What we should be looking at in our clothes (But aren’t)

We are looking at the wrong things in what we wear.  Sure, we all love to look good, but what exactly is the difference between fast fashion & good fashion? Let’s take a closer look.

  • Quality fabrics: ladies, you should have at least 12 pieces of clothing that are made from silk. 5-6 tops, and 5-6 dresses.  They should run about $200-600 each or higher.  Know your silks: acetate doesn’t count.  Charmeuse is divine, chiffon can’t go wrong.  Don’t show up anywhere past 6PM wearing anything denim or jersey. Ever.
  • Finishing: There should be a special detail somewhere on your outfit.  Ether it’s dyed by hand, or a little bow sewn on by hand, or go crazy with head-to-toe sequins. But anyway hand-finishing is the sign of a beautifully made piece of clothing.
  • Avoid things that are priced too low, for what they are.  Usually this means that it was copied from a different designer and the designer wasn’t paid for the idea.  In addition you may assume any clothes priced too well were made by murderers and thieves.  We all know that cheap clothes are a major source of strife in the world, and this should stop with you. It’s not worth it and usually you end up looking like a slob or a dupe anyway.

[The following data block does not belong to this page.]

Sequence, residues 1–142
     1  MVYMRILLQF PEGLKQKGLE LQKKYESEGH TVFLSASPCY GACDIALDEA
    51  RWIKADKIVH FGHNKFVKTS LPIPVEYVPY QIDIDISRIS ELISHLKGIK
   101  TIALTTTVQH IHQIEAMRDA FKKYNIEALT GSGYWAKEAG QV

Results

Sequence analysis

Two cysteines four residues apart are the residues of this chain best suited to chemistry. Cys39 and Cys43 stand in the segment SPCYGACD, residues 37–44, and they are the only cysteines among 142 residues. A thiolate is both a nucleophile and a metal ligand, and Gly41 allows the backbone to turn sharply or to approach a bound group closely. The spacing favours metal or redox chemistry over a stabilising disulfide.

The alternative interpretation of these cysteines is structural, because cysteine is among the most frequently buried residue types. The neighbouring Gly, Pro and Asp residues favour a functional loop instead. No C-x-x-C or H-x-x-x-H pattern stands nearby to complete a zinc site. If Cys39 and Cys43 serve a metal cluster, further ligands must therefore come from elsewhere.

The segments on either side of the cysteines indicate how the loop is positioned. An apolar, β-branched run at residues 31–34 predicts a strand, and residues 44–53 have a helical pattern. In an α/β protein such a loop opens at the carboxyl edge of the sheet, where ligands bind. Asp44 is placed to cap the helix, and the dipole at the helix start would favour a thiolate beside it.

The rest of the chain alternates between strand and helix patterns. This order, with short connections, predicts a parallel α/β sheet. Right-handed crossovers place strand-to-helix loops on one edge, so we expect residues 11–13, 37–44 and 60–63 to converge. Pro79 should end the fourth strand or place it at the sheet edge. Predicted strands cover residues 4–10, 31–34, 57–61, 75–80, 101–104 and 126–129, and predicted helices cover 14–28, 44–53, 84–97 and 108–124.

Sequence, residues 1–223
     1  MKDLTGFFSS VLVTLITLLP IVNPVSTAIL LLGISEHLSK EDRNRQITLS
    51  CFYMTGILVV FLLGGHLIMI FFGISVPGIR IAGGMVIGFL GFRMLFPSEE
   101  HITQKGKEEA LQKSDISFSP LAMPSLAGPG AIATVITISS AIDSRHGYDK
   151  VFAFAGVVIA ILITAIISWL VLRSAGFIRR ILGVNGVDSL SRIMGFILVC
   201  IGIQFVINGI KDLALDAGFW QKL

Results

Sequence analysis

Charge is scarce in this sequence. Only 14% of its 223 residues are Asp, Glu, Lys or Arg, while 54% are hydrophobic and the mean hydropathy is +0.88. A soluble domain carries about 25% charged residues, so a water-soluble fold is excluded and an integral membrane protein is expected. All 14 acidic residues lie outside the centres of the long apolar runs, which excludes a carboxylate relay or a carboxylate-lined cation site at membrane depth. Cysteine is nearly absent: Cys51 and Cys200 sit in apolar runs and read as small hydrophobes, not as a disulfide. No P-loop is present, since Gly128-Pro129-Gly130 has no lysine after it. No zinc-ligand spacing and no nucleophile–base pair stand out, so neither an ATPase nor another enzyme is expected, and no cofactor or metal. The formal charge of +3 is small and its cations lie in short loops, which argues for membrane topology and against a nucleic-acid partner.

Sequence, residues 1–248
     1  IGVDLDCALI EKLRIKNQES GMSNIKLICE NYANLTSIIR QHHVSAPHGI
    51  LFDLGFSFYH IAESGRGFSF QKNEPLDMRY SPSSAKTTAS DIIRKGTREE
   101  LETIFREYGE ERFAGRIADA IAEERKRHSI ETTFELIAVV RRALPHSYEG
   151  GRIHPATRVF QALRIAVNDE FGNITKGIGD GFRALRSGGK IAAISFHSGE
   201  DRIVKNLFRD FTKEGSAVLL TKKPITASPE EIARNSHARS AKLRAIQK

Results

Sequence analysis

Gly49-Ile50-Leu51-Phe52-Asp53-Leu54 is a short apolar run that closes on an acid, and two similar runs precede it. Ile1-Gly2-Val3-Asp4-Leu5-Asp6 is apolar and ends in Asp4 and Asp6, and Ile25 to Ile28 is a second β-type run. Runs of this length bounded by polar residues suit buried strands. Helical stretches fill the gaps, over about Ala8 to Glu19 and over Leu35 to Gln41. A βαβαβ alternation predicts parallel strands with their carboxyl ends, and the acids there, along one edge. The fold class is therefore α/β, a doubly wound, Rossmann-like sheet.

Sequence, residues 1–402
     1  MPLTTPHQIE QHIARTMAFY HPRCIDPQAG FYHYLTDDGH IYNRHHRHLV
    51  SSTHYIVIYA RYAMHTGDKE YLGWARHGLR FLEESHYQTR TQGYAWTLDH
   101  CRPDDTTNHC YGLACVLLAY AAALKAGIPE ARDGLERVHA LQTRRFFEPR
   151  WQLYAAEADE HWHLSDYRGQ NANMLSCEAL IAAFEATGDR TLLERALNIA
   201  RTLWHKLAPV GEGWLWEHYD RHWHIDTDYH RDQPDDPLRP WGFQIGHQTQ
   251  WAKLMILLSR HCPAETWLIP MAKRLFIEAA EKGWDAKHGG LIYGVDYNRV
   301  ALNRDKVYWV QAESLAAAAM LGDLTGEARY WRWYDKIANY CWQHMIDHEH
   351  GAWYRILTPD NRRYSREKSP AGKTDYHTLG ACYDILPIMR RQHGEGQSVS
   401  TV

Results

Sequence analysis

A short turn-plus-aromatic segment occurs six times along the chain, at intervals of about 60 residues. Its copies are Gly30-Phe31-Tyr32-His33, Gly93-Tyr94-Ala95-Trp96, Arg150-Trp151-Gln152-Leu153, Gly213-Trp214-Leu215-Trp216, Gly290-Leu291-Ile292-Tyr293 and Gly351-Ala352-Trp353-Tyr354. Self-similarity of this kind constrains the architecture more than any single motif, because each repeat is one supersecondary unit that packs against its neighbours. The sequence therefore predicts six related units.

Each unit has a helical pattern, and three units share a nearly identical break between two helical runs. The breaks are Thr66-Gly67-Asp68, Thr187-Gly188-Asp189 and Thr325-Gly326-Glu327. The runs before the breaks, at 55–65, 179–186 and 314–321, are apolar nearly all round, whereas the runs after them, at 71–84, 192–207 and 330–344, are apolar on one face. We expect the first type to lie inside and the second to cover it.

• We have seen some pretty extreme examples of labor exploitation lately, but there still is no end to it.  If you see that certain retailers have accomplished certain items at certain price points by badly abusing their workers, how do you think the rest of them are doing it?  Exactly the same way, they just haven’t gotten caught.  So as a rule of thumb, you should avoid buying low & middle market fashion goods entirely. 
  • Ecological impact: I cannot express this enough- the textile industry is among the top three sources of pollution in the world right now.  If you are against fracking, if you don’t eat GMO foods, why would you buy clothing that damages the environment? At the very least, avoid petroleum-based stretchy knits and plasticky push-up bras because that can’t be good for the earth.  Look for designers who are finding ways to reduce waste & are developing eco-friendly methods.
  • Just buy them: don’t wait for someone to launch a kickstarter campaign.  We all have goals & need your support to accomplish them.  It’s a little ridiculous when a designer has to hawk a particular item as part of larger crowdfunding initiative, when people should have been checking them out & purchasing the items anyway without the gimmick of some future goal that may or may not be attainable.  And enough with the sample sales- we can’t continuously provide items every season at below cost.  In what market does that make sense? Just buy good quality clothes at regular price.


image: Nude Girl Lounging in a box of rabbit fur, by University of Washington Libraries Digital Collections


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